Chemotherapy is a mainstay of tumour therapy. The current treatment guidelines for prescribing a treatment rests heavily on how a treatment or treatment combination has fared statistically, in terms of rates of cancer comeback and survival without cancer spread. The protocol does not include testing the efficacy of the drug against the unique nature of a person's tumour.
Each person's cancer is unique. Totally unique. There are similarities, but the way in which a person's cancer responds to therapy is a result of that cancer's individual genetics and how those genetics play out in the function of the cancer cells. Two people with the same type of cancer might respond differently to the same treatment. There is now a way of helping to determine which way a person's cancer might respond. It's called chemosensitivity testing. Keep reading...
A term called progression-free survival is used to describe the successful situation in which a person's cancer goes away, and never comes back. That is, it doesn't spread, metastasize. It is the secondary tumour, called a metastasis, that is most often responsible for a fatal outcome, rather than the (first) primary tumour. To go into a bit more detail here, the treatment (surgery, chemotherapy, radiation therapy, other treatments) has not just killed the diagnosed tumour, it has also worked to kill some really sneaky cells that have escaped the tumour. These cells invade the blood stream and can stay there until they're triggered to exit the blood and form a metastasis. These cells, responsible for cancer spread, are called Circulating Tumour Cells, abbreviated as CTCs.
The idea behind chemosensitivity testing of these circulating tumour cells is this: consider a patient with, for example Cancer X. There might be two different treatment options for this patient - Treatment A has been statistically successful in most cases, and Treatment B seems to work in not as many cases, but is perhaps less toxic, or perhaps it works in cases where Treatment A has failed. Chemosensitivity testing is a tool that can be utilised at this point in time. It is possible to find out which treatment works to kill off a person's renegade Circulating Tumour Cells, before the treatment is given to the patient. Using a sample of patient blood, scientists can isolate the CTCs from the patient's blood sample, and simply expose the cells to both treatments. Each patient's cells will respond differently.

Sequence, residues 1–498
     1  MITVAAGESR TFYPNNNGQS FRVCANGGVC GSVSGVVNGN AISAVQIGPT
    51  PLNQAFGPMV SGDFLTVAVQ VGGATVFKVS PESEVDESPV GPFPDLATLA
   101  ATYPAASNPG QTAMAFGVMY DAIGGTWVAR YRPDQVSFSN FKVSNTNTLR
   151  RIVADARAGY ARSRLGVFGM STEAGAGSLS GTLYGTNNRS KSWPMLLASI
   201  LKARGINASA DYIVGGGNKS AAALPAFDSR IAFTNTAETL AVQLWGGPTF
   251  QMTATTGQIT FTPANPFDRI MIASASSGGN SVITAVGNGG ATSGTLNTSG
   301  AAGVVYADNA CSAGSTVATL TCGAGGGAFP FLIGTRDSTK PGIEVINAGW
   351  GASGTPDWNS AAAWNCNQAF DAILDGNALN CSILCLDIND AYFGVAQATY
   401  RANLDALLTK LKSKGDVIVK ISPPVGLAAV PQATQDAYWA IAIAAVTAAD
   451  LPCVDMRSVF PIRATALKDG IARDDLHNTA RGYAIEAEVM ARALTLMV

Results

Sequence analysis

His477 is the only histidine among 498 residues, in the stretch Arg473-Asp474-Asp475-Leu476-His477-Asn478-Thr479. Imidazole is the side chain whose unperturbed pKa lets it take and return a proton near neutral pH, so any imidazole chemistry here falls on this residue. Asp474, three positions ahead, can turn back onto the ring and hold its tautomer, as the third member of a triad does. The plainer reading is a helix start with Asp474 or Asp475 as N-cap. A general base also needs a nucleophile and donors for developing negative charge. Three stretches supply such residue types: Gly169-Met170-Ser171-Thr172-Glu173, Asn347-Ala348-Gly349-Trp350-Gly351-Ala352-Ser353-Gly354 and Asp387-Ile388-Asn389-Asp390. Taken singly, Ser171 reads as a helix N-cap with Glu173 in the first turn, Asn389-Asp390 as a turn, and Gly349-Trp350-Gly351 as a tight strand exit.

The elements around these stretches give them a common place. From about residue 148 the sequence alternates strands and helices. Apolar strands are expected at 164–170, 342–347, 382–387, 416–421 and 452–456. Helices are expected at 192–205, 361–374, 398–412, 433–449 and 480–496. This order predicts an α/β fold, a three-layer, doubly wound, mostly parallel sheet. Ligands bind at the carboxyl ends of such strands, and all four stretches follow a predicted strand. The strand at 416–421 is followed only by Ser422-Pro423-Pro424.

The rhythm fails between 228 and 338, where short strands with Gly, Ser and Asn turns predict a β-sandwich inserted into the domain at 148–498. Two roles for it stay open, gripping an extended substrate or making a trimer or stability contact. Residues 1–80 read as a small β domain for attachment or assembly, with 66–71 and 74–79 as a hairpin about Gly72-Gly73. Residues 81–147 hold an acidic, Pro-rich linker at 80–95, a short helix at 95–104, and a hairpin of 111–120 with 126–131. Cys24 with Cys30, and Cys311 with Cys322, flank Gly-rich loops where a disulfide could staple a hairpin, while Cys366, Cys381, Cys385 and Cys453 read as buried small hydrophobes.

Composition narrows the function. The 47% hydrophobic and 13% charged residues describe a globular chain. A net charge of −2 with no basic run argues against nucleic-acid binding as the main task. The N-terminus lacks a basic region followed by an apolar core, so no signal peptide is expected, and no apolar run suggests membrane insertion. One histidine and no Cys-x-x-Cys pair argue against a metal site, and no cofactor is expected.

Perhaps with Patient X, the first treatment, Treatment A might be the Oncologist's preferred treatment choice. Prior to the start of treatment, the Oncologist and Patient X may decide to test to see how successful Treatment A and Treatment B are at killing the cells that cause cancer spread. Let's say that Treatment A kills more cells than Treatment B does. These results would confirm that Treatment A is indeed the better choice. However, if Treatment B kills more cells than Treatment A, then Treatment B may be the preferred treatment for this patient. Such information is incredibly valuable to practitioners seeking to understand the unique nature of each patient's cancer. Even though Treatment A has been statistically more successful than Treatment B, in the latter case above, it would be in fact Treatment B that might be more successful at decreasing the risk of cancer spread for this particular patient.
In addition to current treatment methods, a clinician and their patient may now choose to test whether the treatment of choice works to kill off these renegade cells. With a simple blood test, a patient's CTCs can be isolated and tested. Chemosensitivity testing tests the capacity a treatment has to kill off these CTCs. If a treatment successfully kills CTCs, the chance of cancer progression and relapse reduces. This entire process takes a lot of the 'wait and see' out of the equation, and helps to increase confidence that the chosen treatment will work to reduce the risk of metastasis.
Patients: For more information about chemosensitivity testing, click here
Practitioners: Pachmann, K et al., (2013) Chemosensitivity Testing of Circulating Epithelial Tumor Cells (CETCs) in Vitro: Correlation to in Vivo Sensitivity and Clinical Outcome, Journal of Cancer Therapy (4) 597-605 - Download article
The purpose of this blog is to provide information for a general audience. It is not intended as personal or professional medical advice, which should be obtained directly from your Healthcare Practitioner.